Changes Made To Exemptions For 2012 USGA Championships

British Amateur Champions, McCormack Medal Winners Exempt For U.S. Open, U.S. Women's Open Championships

By USGA
February 23, 2012

In the previous version of this release, dated February 4, the exemption for the winner of the Ladies British Open Amateur Championship into the 2012 U.S. Women’s Open was incorrectly stated. This exemption will first be extended to the winner of the 2012 Ladies British Open Amateur Championship and not the 2011 winner. The new version of the press release below  correctly reflects the new exemption category. 

Far Hills, NJ – The United States Golf Association today announced an expanded list of exemptions for international amateur players, beginning in 2012, for the U.S. Open and U.S. Women’s Open championships. The USGA also announced exemption changes for the U.S. Senior Open and USGA amateur championships. The expanded list of exemptions was announced during the USGA’s Annual Meeting in Houston.

The winners of the British Amateur and Ladies British Open Amateur championships, as well as the winners of the Mark H. McCormack Medal as the top-ranked male and female on the World Amateur Golf Ranking will be fully exempt from qualifying for the U.S. Open and U.S. Women’s Open championships, respectively. The winners must remain amateurs to retain the exemption.

Bryden Macpherson, of Australia, who plays collegiately at the University of Georgia, has earned a berth in the 2012 U.S. Open as the 2011 British Amateur champion. Macpherson defeated Michael Stewart, of Scotland, 3 and 2, in the championship final at Hillside Golf Club in Southport, England.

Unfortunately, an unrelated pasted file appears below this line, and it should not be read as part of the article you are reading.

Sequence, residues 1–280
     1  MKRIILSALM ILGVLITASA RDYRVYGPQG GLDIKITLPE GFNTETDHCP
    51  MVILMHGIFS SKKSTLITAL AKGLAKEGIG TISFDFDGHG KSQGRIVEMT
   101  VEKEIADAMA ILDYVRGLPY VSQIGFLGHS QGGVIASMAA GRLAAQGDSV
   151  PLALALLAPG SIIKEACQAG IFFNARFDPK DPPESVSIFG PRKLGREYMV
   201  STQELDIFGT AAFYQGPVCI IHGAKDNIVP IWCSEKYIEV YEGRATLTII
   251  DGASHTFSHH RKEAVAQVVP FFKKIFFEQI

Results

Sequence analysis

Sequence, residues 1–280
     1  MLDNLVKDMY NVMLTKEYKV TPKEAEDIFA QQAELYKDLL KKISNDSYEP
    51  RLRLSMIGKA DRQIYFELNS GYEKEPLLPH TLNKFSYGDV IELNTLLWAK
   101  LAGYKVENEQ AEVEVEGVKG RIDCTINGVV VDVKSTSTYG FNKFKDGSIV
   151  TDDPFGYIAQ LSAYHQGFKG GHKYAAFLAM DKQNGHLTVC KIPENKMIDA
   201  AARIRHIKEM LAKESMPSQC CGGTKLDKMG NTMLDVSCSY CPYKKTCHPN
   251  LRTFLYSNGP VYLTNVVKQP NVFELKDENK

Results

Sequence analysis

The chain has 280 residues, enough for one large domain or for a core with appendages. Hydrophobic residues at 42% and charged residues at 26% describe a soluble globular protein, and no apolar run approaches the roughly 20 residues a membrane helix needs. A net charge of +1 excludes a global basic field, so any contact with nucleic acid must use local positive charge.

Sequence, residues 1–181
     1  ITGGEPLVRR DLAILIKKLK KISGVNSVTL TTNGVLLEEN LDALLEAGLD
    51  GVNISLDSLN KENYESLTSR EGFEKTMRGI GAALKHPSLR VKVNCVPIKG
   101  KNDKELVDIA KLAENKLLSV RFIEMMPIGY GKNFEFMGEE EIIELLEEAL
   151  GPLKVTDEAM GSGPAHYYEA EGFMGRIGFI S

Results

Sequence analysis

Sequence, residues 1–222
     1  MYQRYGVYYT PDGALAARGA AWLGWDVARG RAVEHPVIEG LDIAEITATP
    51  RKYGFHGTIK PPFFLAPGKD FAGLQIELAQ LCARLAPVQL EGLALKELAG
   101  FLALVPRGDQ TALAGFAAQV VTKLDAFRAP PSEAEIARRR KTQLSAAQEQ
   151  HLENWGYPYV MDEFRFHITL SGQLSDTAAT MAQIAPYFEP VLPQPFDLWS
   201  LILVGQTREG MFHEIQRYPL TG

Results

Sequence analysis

Patrick Cantlay, the low amateur at last year’s U.S. Open and a member of the 2011 USA Walker Cup Team, won the McCormack Medal as the No. 1-ranked player at the close of the 2011 summer competitive season.

Cantlay, from Los Alamitos, Calif., was the runner-up to Kelly Kraft at the 2011 U.S. Amateur and a semifinalist as a high schooler in 2010.

Both Macpherson and Cantlay are fully exempt for the 2012 U.S. Open, to be played June 14-17 at The Olympic Club in San Francisco, Calif.

Lydia Ko, 14, of New Zealand, became the first female recipient of the Mark H. McCormack Medal in 2011. Ko, who was born in Korea, recently became the youngest player to win a professional event, capturing the New South Wales Open by four strokes with a 54-hole score of 202.

Ko is fully exempt into the 2012 U.S. Women’s Open, to be played July 5-8 at Blackwolf Run in Kohler, Wis., and will be joined by the 2012 Ladies British Open Amateur champion.

“Both the British Amateur and the British Ladies Open Amateur championships have long and storied histories with deep connections to the USGA, so it is appropriate that these champions earn a full exemption into the U.S. Open and U.S. Women’s Open championships,” said USGA Executive Director Mike Davis. “These exemptions reflect our strong partnership with The R&A and the value we place on amateur golf and our support for the World Amateur Golf Ranking.”

“There are close and enduring links between The R&A and United States Golf Association in the governance of the sport and as custodians of the amateur game,” said Peter Dawson, chief executive of The R&A. “Both organizations have always placed an emphasis on the presence of amateur golfers in the fields for their respective major championships and I am very pleased that this now extends to the inclusion of our Amateur champion in the field for the U.S. Open.” 

Following is the list of the exemption changes for 2012 USGA championships:

U.S. Open Championship – Local Exemption  

Winner of the 2011 PGA Tour Qualifying Tournament (New category)

U.S. Open Championship – Full Exemption 

Winner of the 2011 Mark H. McCormack Medal (World Amateur Golf Ranking)  –  must be an amateur (New category)

U.S. Women’s Open Championship  

From the current Rolex Rankings, the top 25 point leaders and anyone tying for 25th place as of May 2, 2012 – must have filed an entry by May 2, 2012 (New category)